These guys weren't trying to record an audiophile-quality Demo Disc, but thankfully the best sounding tracks can sound wonderful on the right pressings.
- Thorn Tree In The Garden
AMG 5 Star Rave Review
Wishing to escape the superstar expectations that sank Blind Faith before it was launched, Eric Clapton retreated with several sidemen from Delaney & Bonnie to record the material that would form Layla and Other Assorted Love Songs. From these meager beginnings grew his greatest album. Duane Allman joined the band shortly after recording began, and his spectacular slide guitar pushed Clapton to new heights.
Then again, Clapton may have gotten there without him, considering the emotional turmoil he was in during the recording. He was in hopeless, unrequited love with Patti Boyd, the wife of his best friend, George Harrison, and that pain surges throughout Layla, especially on its epic title track.
But what really makes Layla such a powerful record is that Clapton, ignoring the traditions that occasionally painted him into a corner, simply tears through these songs with burning, intense emotion. He makes standards like "Have You Ever Loved a Woman" and "Nobody Knows You (When You're Down and Out)" into his own, while his collaborations with Bobby Whitlock — including "Any Day" and "Why Does Love Got to Be So Sad?" — teem with passion.
And, considering what a personal album Layla is, it's somewhat ironic that the lovely coda "Thorn Tree in the Garden" is a solo performance by Whitlock, and that the song sums up the entire album as well as "Layla" itself.
Layla features the sound of an impossibly tight band, sympathetic and attuned to each other, producing a joyful noise. They played the blues, for sure, but with a joy, too, that’s nearly unmatched in the annals of rock. The band was born out of sessions held for George Harrison’s solo debut All Things Must Pass, when Eric Clapton, a Brit, found himself jamming with three American wunderkinds: Bobby Whitlock, Carl Radle and Jim Gordon.
Clapton was a restless journeyman, tortured by his personal demons (most significantly, a passion for his friend George’s wife Pattie) but also ever searching for the perfect musical identity, too. He departed The Yardbirds when the group was becoming too pop, and though a blues purist, felt too confined by John Mayall’s ranks. Clapton had his biggest success in Cream, but was losing interest in the somewhat indulgent jams.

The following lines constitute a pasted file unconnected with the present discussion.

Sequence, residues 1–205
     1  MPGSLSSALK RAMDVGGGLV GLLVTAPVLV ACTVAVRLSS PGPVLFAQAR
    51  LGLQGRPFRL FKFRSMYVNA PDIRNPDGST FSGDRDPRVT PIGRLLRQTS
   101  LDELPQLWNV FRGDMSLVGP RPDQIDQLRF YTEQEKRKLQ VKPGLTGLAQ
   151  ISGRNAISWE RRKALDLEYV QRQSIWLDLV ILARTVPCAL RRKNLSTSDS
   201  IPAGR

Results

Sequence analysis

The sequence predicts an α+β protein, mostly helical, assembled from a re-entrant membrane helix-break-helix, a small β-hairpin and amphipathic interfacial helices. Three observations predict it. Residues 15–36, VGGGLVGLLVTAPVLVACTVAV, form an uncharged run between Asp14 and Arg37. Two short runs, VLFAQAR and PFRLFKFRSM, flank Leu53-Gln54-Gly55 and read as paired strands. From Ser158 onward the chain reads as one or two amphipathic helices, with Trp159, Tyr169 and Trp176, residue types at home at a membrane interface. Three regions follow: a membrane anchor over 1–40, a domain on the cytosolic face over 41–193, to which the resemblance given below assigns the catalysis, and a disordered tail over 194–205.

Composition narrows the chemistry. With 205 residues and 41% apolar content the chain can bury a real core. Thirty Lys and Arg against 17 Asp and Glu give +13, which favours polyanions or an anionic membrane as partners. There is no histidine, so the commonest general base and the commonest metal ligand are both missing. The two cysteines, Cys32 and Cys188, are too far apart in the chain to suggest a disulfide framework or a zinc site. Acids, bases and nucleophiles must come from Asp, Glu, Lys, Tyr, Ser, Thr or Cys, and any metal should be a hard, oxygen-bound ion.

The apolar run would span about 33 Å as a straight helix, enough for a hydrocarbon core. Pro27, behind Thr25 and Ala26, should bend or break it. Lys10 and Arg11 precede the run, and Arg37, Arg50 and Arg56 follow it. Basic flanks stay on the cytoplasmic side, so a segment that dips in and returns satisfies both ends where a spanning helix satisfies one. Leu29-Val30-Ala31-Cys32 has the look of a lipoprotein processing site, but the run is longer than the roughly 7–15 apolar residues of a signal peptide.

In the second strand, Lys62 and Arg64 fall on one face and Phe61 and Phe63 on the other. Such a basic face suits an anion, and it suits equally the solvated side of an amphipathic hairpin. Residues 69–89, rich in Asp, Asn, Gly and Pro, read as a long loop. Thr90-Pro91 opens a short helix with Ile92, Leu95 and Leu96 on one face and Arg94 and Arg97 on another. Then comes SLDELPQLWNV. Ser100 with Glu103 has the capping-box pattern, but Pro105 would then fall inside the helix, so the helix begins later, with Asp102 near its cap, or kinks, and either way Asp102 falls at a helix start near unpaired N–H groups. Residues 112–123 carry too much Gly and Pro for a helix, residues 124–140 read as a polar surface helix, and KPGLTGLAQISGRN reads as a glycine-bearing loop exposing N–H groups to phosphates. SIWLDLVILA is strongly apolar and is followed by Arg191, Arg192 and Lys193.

Through Blind Faith and then with Delaney and Bonnie, Clapton connected with his desire to be a bandmate, but was frustrated when he still wound up the star attraction with the Delaney and Bonnie band. (See the LP title: Delaney and Bonnie and Friends On Tour with Eric Clapton.)
Derek and the Dominos, though, for a short time appeared to be the answers to God’s prayer. God, of course, was Clapton, so named by the graffiti artists of London, and God became Derek, leading this band under an unassuming doo-wop style handle. The band’s name itself was a throwback to those simpler times, though their music was far from nostalgic.
Layla remains a searing experience. The band was famously joined by Duane Allman, who lent his guitar to twelve songs. Albhy Galuten, a trusted collaborator of Barry Gibb, played piano on one track, a cover of Jimmy Cox’s “Nobody Knows You When You’re Down and Out.” Covers were deftly blended with originals by the Clapton/Whitlock team, individually and collectively, and all of the songs feel of a piece. Clapton’s work, including “Bell Bottom Blues” and the title song (co-written with Jim Gordon), was largely inspired by his burning passion for Pattie Boyd, the then-Mrs. Harrison.
Most striking is how well the album appeals to those looking for extended instrumental showcases while still largely adhering to structured songwriting. “Keep On Growing” is one example, a jam that literally grew into a full-fledged song. “Why Does Love Have to Be So Sad” is another, a hard-rocking original that heads straight into jazz improv territory.
“Tell the Truth” had morphed from the original Spector “wall of sound” single into a funkier groove with Allman’s presence. The album literally builds to the thunderous storm that is “Layla,” and relaxes with the lyrical “Thorn Tree in the Garden.” In a most rare scenario, the album was actually sequenced, for the most part, in the order that the songs were recorded!